Direct tumor lysis by NK cells uses a Ras-independent mitogen-activated protein kinase signal pathway

S. Wei, D. L. Gilvary, B. C. Corliss, S. Sebti, J. Sun, D. B. Straus, P. J. Leibson, J. A. Trapani, Andrew Hamilton, M. J. Weber, J. Y. Djeu

Research output: Contribution to journalArticle

Abstract

Destruction of tumor cells is a key function of lymphocytes, but the molecular processes driving it are unclear. Analysis of signal molecules indicated that mitogen-activated protein kinase (MAPK)/extracellular regulated kinase 2 critically controlled lytic function in human NK cells. We now have evidence to indicate that target ligation triggers a Ras-independent MAPK pathway that is required for lysis of the ligated tumor cell. Target engagement caused NK cells to rapidly activate MAPK within 5 min, and PD098059 effectively blocked both MAPK activation and tumoricidal function in NK cells. Target engagement also rapidly activated Ras, detected as active Ras-GTP bound to GST-Raf-RBD, a GST fusion protein linked to the Raf protein fragment containing the Ras-GTP binding domain. However, Ras inactivation by pharmacological disruption with the farnesyl transferase inhibitor, FTI-277, had no adverse effect on the ability of NK cells to lyse tumor cells or to express MAPK activation upon target conjugation. Notably, MAPK inactivation with PD098059, but not Ras inactivation with FTI-277, could interfere with perforin and granzyme B polarization within NK cells toward the contacted target cell. using vaccinia delivery of N17 Ras into NK cells, we demonstrated that IL-2 activated a Ras-dependent MAPK pathway, while target ligation used a Ras-independent MAPK pathway to trigger lysis in NK cells.

Original languageEnglish (US)
Pages (from-to)3811-3819
Number of pages9
JournalJournal of Immunology
Volume165
Issue number7
StatePublished - Oct 1 2000

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Mitogen-Activated Protein Kinases
Natural Killer Cells
Signal Transduction
Neoplasms
Guanosine Triphosphate
Ligation
Vaccinia
Transferases
Interleukin-2
Proteins
Phosphotransferases
Pharmacology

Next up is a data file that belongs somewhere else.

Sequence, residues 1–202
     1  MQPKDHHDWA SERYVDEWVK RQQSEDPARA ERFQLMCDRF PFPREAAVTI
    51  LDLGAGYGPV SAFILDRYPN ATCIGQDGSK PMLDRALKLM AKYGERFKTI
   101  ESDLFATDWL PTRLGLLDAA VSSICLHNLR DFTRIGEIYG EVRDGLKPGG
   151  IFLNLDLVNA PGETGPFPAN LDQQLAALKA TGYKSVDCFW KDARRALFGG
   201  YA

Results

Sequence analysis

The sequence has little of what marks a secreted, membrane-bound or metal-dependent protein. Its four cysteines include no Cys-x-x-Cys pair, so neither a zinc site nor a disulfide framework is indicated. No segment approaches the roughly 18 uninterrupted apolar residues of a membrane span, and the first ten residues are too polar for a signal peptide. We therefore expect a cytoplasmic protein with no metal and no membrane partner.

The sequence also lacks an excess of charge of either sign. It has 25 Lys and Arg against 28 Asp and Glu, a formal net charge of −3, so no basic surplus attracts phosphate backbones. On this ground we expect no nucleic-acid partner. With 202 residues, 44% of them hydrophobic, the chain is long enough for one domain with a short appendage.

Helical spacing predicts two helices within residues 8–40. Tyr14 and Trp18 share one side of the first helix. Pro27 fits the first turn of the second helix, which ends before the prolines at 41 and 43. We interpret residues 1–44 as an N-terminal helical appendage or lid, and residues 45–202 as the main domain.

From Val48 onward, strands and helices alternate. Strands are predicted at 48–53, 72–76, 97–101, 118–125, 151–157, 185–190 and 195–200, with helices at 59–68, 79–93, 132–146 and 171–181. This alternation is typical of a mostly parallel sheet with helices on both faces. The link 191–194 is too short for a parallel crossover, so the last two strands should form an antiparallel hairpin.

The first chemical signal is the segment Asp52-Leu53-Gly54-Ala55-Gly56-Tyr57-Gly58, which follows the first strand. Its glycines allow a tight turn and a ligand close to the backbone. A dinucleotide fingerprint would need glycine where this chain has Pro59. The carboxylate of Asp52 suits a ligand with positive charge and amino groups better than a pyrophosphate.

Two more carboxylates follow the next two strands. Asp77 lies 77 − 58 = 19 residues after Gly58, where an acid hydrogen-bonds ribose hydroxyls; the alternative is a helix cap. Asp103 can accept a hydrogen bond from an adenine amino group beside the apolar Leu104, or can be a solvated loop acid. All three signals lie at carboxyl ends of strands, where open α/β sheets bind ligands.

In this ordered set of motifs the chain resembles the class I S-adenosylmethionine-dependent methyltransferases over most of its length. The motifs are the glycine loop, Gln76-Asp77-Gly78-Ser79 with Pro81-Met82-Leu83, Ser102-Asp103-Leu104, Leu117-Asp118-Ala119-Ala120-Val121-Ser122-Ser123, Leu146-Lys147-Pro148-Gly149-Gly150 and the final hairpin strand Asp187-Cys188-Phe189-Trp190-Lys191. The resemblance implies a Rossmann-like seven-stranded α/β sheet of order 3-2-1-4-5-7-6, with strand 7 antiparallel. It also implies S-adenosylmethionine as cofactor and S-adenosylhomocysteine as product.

Lymphocytes

ASJC Scopus subject areas

  • Immunology

Cite this

Wei, S., Gilvary, D. L., Corliss, B. C., Sebti, S., Sun, J., Straus, D. B., ... Djeu, J. Y. (2000). Direct tumor lysis by NK cells uses a Ras-independent mitogen-activated protein kinase signal pathway. Journal of Immunology, 165(7), 3811-3819.

Direct tumor lysis by NK cells uses a Ras-independent mitogen-activated protein kinase signal pathway. / Wei, S.; Gilvary, D. L.; Corliss, B. C.; Sebti, S.; Sun, J.; Straus, D. B.; Leibson, P. J.; Trapani, J. A.; Hamilton, Andrew; Weber, M. J.; Djeu, J. Y.

In: Journal of Immunology, Vol. 165, No. 7, 01.10.2000, p. 3811-3819.

Research output: Contribution to journalArticle

Wei, S, Gilvary, DL, Corliss, BC, Sebti, S, Sun, J, Straus, DB, Leibson, PJ, Trapani, JA, Hamilton, A, Weber, MJ & Djeu, JY 2000, 'Direct tumor lysis by NK cells uses a Ras-independent mitogen-activated protein kinase signal pathway', Journal of Immunology, vol. 165, no. 7, pp. 3811-3819.
Wei S, Gilvary DL, Corliss BC, Sebti S, Sun J, Straus DB et al. Direct tumor lysis by NK cells uses a Ras-independent mitogen-activated protein kinase signal pathway. Journal of Immunology. 2000 Oct 1;165(7):3811-3819.
Wei, S. ; Gilvary, D. L. ; Corliss, B. C. ; Sebti, S. ; Sun, J. ; Straus, D. B. ; Leibson, P. J. ; Trapani, J. A. ; Hamilton, Andrew ; Weber, M. J. ; Djeu, J. Y. / Direct tumor lysis by NK cells uses a Ras-independent mitogen-activated protein kinase signal pathway. In: Journal of Immunology. 2000 ; Vol. 165, No. 7. pp. 3811-3819.
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